1. Weaver AM, McGuinn L, Neas L, Mirowsky, JE, Devlin R, Dhingra R, Ward-Caviness C, Cascio W, Kraus WE, Hauser ER, Di Q, Schwartz J, Diaz-Sanchez D. Neighborhood sociodemographic effects on the associations between long-term PM2.5 exposure and cardiovascular outcomes and diabetes. Environmental Epidemiology. (In Press)
  2. Mirowsky JE, Carraway MS, Dhingra R, Tong H, Neas L, Diaz-Sanchez D, Cascio W, Case M, Crooks J, Hauser E, Dowdy ZE, Kraus W, Devlin RB. 2017. Ozone exposure is associated with acute changes in inflammation, fibrinolysis, and endothelial cell function in coronary artery disease patients. Environmental Health. 16(1): 126. (https://www.ncbi.nlm.nih.gov/pubmed/29157250)
  3. Mirowsky JE, Devlin RB, Diaz-Sanchez D, Cascio W, Grabich SC, Hayes C, Blach C, Hauser ER, Shah S, Kraus W, Olden K, Neas L. 2017. A novel approach for measuring residential socioeconomic factors associated with cardiovascular and metabolic health. Journal of Exposure Science and Environmental Epidemiology. 27: 281-289. (https://www.ncbi.nlm.nih.gov/pubmed/27649842
  4. Zhou S, Pan G, Behrooz L, Vilcassim R, Mirowsky JE, Breysee P, Rule A, Huang JS, Weitzman M, Gordon T. 2016. Secondhand hookah smoke: an occupational hazard for hookah bar employees. Tobacco Control. 0:1-6. (https://www.ncbi.nlm.nih.gov/pubmed/26811352)
  5. Mirowsky JE, Dailey LA, Devlin RB. 2016. Differential expression of pro-inflammatory and oxidative stress mediators induced by nitrogen dioxide and ozone in primary human bronchial epithelial cells. Inhalation Toxicology. 28: 374-382. (https://www.ncbi.nlm.nih.gov/pubmed/27206323)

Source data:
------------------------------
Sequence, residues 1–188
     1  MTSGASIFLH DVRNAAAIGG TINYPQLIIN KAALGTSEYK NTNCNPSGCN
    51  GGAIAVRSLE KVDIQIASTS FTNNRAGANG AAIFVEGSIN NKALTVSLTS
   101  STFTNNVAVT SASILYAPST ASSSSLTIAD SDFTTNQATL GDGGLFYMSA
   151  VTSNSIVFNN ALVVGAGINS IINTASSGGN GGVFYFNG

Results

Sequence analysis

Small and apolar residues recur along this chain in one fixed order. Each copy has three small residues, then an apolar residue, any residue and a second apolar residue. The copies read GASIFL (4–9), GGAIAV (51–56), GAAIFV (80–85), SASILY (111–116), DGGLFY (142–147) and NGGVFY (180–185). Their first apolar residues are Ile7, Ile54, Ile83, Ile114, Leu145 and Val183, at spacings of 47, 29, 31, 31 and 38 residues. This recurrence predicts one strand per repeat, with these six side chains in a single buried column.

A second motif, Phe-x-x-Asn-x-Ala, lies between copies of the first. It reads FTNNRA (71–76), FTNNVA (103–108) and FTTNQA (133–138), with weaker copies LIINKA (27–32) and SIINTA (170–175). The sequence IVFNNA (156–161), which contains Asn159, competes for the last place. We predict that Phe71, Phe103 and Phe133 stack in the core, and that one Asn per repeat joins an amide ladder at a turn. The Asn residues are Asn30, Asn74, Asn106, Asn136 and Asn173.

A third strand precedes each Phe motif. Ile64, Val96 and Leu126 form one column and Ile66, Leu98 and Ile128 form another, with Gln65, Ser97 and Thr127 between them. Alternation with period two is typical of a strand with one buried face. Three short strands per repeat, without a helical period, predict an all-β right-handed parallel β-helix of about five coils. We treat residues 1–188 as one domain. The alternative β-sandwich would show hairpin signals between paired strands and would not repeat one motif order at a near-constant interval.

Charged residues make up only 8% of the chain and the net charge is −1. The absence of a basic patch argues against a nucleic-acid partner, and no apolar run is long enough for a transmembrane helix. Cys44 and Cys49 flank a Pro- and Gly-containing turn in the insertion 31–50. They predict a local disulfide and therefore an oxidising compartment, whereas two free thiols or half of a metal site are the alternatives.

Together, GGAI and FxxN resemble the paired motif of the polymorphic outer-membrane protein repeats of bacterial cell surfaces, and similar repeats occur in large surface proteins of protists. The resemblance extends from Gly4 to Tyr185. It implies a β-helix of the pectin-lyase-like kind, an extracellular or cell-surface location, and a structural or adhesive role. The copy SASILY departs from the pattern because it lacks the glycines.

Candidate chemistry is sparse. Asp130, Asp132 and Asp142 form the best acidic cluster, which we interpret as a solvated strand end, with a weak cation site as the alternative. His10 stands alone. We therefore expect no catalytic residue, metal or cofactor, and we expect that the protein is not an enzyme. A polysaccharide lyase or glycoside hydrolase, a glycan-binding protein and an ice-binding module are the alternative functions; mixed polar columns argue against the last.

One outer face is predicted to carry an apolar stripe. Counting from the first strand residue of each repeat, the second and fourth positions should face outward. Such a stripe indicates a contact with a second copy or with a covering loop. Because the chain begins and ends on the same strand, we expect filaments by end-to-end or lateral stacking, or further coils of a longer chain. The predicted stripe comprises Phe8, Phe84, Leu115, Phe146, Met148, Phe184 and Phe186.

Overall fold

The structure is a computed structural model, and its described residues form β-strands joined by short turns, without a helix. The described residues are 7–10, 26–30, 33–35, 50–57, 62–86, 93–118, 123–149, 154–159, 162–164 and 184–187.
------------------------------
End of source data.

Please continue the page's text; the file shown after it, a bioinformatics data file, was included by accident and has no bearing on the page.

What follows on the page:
6. Mirowsky J, Jin L, Thurston G, Lighthall D, Tyner T, Horton L, Galdanes K, Chillrud S, Ross J, Pinkerton KE, Chen LC, Lippmann M, Gordon T. 2015. In vitro and in vivo toxicity of urban and rural particulate matter from California. Atmospheric Environment. 103:256-262. (https://www.ncbi.nlm.nih.gov/pubmed/26478712)
  7. Mirowsky JE, Gordon T. 2015. Non-invasive effects measurements for air pollution human studies: methods, analysis, and implications.  Journal of Exposure Science and Environmental Epidemiology. 25: 354-380. (https://www.ncbi.nlm.nih.gov/pubmed/25605444
  8. Mirowsky JE, Peltier RE, Lippmann M, Thurston G, Neas L, Diaz-Sanchez D, Carter J, Laumbach R, Gordon T. 2015. Repeated measures of inflammation, blood pressure, and heart rate variability associated with traffic exposures in healthy adults. Environmental Health. 14:66-77. (https://www.ncbi.nlm.nih.gov/pubmed/26276052)
  9. Mirowsky J, Hickey C, Horton L, Blaustein M, Galdanes K, Peltier RE, Chillrud S, Chen LC, Ross J, Nadas A, Lippmann M, Gordon T. 2013. The effect of particle size, location and season on the toxicity of urban and rural particulate matter. Inhalation Toxicology. 25:747-757. (https://www.ncbi.nlm.nih.gov/pubmed/24255952)

You can access all my publications here (https://www.ncbi.nlm.nih.gov/sites/myncbi/jaime.mirowsky.1/bibliography/51116655/public/?sort=date&direction=ascending)!


Current Graduate Advisees

Current Graduate Advisees

Amanda CharetteAmanda Charette

  • Degree Sought: MS
  • Graduate Advisor(s): Mirowsky
  • Area of Study: Environmental Chemistry

Shelby ColemanShelby Coleman

  • Degree Sought: PHD
  • Graduate Advisor(s): Mirowsky
  • Area of Study: Environmental Chemistry

Additional information

If you want more information about the graduate program, please visit the following website (http://www.esf.edu/forms/chemistry/chem.asp) and fill out a brief form.

You can also email me if you want further information about my research!